Research Article
Research Article
Two European Cornus L. feeding leafmining moths, Antispila petryi Martini, 1899, sp. rev. and A. treitschkiella (Fischer von Röslerstamm, 1843) (Lepidoptera, Heliozelidae): an unjustified synonymy and overlooked range expansion
expand article infoErik J. van Nieukerken, David C. Lees§, Camiel Doorenweerd|, Sjaak (J.C.) Koster, Rudolf Bryner, Arnold Schreurs#, Martijn J.T.N. Timmermans§¤, Klaus Sattler§
‡ Naturalis Biodiversity Center, Leiden, Netherlands
§ Natural History Museum, London, United Kingdom
| University of Hawai’i at Mānoa, Honolulu, United States of America
¶ Unaffiliated, Biel, Switzerland
# Unaffiliated, Kerkrade, Netherlands
¤ Middlesex University, London, United Kingdom
Open Access


Antispila treitschkiella (Fischer von Röslerstamm, 1843) and A. petryi Martini, 1899, sp. rev. were regarded as synonymous since 1978, but are shown to be two clearly separated species with different hostplants, life histories, DNA barcodes and morphology. Antispila treitschkiella feeds on Cornus mas L., is bivoltine, and has, by following its ornamentally planted host, greatly expanded its range in north-western Europe. In contrast A. petryi feeds on the widespread native C. sanguinea L., is univoltine, and is one of only two Antispila species previously resident in the British Isles, the Netherlands and northern Europe. Consequently, the increase in abundance of A. treitschkiella in the Netherlands since the early 1990s and in Great Britain in recent years must be regarded as part of a recent expansion into north-western Europe, whereas the native A. petryi is hardly expanding and less abundant. In Britain, detailed surveys of parks and living collections confirmed the monophagy of these two species. A search of British herbarium samples provided no evidence for an earlier date of establishment. Information on recognition of all stages, including DNA barcodes, and distribution is provided, and these two species are compared with the third European Cornus L. leafminer, A. metallella (Denis & Schiffermüller, 1775).


The leafmining family Heliozelidae has about 125 named species and is especially diverse in Australia and the Americas (van Nieukerken et al. 2012b; van Nieukerken and Geertsema 2015; Milla et al. 2017). In a preliminary phylogeny, the earlier suggestion that Antispila is an artificial, polyphyletic entity was confirmed: species of Antispila s.l. occur in three clades interspersed with morphologically rather disparate groups (van Nieukerken et al. 2012b; Milla et al. 2017). In the monophyletic genus Antispila s. str. (sensu van Nieukerken et al. 2012b), we recognise 24 named and a few unnamed species from North America, Europe, South Africa and Asia. Most species feed either on Cornaceae or Vitaceae, with the current global total of Cornus-feeding species being ten, including three species in North America (Lafontaine 1973), three in Japan (Kuroko 1961) and one in China (Liu and Wang 2017).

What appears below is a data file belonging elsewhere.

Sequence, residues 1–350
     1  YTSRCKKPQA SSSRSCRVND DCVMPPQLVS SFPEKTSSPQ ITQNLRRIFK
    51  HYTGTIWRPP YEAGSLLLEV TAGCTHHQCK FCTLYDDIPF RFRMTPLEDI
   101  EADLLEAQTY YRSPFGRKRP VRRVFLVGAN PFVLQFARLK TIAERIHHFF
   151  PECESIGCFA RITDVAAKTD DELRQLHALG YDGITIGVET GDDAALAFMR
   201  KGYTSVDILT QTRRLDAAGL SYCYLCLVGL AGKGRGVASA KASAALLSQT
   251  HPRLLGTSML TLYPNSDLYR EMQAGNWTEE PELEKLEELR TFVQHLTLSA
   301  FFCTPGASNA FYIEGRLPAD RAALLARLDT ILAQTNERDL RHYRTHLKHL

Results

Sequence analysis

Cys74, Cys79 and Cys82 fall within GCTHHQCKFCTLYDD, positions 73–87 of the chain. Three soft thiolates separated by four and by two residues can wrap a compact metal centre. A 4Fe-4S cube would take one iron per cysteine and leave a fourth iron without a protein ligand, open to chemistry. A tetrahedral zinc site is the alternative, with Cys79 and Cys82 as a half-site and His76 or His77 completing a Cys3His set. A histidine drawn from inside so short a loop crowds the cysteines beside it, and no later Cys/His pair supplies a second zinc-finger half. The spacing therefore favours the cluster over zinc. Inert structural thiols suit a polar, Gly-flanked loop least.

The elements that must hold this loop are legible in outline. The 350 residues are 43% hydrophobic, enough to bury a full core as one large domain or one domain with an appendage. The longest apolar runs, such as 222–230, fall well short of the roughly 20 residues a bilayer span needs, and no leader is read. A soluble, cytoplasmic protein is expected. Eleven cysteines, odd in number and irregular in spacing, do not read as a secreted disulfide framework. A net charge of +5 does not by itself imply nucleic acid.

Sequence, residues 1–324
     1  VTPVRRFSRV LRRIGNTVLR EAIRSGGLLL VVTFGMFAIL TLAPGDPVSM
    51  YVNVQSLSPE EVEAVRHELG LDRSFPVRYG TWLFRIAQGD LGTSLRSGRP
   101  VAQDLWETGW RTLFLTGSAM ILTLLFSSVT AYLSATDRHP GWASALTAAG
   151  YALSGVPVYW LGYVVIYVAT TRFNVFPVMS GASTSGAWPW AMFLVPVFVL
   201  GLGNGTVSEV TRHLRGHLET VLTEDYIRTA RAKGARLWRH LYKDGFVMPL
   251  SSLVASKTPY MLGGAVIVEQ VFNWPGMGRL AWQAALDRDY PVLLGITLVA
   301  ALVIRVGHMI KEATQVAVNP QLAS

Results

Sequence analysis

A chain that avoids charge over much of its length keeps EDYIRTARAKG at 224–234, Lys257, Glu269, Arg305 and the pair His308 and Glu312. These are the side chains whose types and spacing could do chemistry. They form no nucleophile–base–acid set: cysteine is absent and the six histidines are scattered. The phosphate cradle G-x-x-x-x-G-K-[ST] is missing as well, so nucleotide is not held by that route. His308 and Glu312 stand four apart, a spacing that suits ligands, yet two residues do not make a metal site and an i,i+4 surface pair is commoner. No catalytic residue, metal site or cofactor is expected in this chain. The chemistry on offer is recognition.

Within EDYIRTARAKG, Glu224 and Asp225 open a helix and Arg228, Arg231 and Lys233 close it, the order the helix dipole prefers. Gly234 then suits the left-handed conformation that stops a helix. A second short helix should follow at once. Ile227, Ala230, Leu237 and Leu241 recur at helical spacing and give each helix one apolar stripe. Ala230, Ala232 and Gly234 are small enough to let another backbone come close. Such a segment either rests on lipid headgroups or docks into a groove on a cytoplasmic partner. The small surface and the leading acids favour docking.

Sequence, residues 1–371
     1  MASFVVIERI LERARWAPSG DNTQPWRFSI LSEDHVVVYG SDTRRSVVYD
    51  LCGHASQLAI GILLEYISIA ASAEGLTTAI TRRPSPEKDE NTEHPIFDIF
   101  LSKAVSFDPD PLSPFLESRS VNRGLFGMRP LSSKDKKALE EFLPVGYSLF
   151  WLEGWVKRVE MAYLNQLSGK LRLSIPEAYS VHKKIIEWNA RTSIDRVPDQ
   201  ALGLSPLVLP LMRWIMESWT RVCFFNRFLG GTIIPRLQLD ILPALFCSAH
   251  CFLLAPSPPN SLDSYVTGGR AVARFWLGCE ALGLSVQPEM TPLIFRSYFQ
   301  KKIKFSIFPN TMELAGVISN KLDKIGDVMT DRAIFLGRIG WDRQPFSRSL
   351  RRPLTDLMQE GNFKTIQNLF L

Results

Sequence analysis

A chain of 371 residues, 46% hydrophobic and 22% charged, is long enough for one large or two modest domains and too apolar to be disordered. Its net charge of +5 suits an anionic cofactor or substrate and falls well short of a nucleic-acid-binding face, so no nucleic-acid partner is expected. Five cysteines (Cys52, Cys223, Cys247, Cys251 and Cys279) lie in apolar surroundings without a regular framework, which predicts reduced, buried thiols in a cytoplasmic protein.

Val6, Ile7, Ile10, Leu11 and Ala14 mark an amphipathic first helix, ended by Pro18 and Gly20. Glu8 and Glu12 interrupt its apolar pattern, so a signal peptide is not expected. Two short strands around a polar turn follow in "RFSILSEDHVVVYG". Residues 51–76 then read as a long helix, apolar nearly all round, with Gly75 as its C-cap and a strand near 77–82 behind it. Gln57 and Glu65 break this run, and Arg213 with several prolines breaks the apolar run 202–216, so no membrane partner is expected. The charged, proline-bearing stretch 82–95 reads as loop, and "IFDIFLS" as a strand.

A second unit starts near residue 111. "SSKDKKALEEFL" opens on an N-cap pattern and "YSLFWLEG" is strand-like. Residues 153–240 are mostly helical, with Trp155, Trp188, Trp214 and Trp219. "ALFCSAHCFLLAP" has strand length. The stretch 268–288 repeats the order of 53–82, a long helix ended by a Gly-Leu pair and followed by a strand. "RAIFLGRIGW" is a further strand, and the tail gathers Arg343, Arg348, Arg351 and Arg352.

In Europe, Heliozelidae are poorly represented, with only ten species recorded, including two recent invasives from North America: Antispila oinophylla van Nieukerken & Wagner, 2012 and Coptodisca lucifluella (Clemens, 1860) (van Nieukerken 2012; van Nieukerken et al. 2012b; Bernardo et al. 2015). Amongst the eight indigenous heliozelids, two Antispila species feeding on Cornus L. (Cornaceae) are commonly recognised: the larger A. metallella (Denis & Schiffermüller, 1775) and the smaller A. treitschkiella (Fischer von Röslerstamm, 1843). However, during most of the 20th century, three Antispila species feeding on Cornus were known. In addition to A. treitschkiella, feeding on Cornus mas L., A. petryi Martini, 1899 had been recognised as a second, slightly smaller species feeding on C. sanguinea L. Martini (1899) described morphological differences between A. treitschkiella and A. petryi in the larva, forewing colour pattern and wing venation. In his description, Martini was advised by the foremost German Microlepidoptera morphologist at that time, O. Hofmann (of Regensburg), who examined wing venation and the male genitalia, and considered slight differences observed in the latter noteworthy (“beachtenswerth”). Hofmann retained original Martini specimens (syntypes) in his collection, which is now in NHMUK, London. Martini’s findings were later partly confirmed and extended by Dziurzyński (1952), who also noted intraspecific variation in some of these characters, although he downplayed the diagnostic importance of wing venation. Rather surprisingly, because Fischer von Röslerstamm had already described A. treitschkiella from what he called “Cornus mascula”, the European Cornel, the same author described yet another species, A. stachjanella Dziurzyński, 1948 from C. mas (Dziurzyński 1948). In Hering’s standard keys for the European leafmines (Hering 1957), all four species were recognised. He found the characters to separate A. petryi from the other species reliable, but had doubts regarding the separation of A. stachjanella from treitschkiella. In the UK, the influential lepidopterist Emmet (1976), probably following Hering, correctly identified the smaller dogwood miner as A. petryi, and not A. treitschkiella. However, these three species (A. treitschkiella, A. stachjanella and A. petryi) were subsequently regarded as one variable taxon on the basis of unpublished research by Janus Wojtusiak (cited in Razowski 1978). This view was not challenged since and has been followed in almost all major European faunas and checklists (Karsholt and Razowski 1996; Leraut 1997; Gaedike and Heinicke 1999; Bengtsson et al. 2008; Swisslepteam 2010; Karsholt and van Nieukerken 2012; Agassiz et al. 2013; Huemer 2013; Aarvik et al. 2017; Gaedike et al. 2017; Kimber 2017; Lepiforum E.V. 2017). The recent use of the name A. petryi for Portuguese specimens (Corley 2015) was based on information from EvN to Martin Corley. Only Emmet (1988) had maintained the use of A. petryi, and openly disagreed with the synonymy (Emmet 1981), but more recent British lists nonetheless followed the synonymy. In a local checklist of Lepidoptera, Laštůvka et al. (1993) still used the name “petryi”, but referred to Razowski’s synonymy in a note, and dismissed the name in later checklists (Laštůvka and Liška 2011).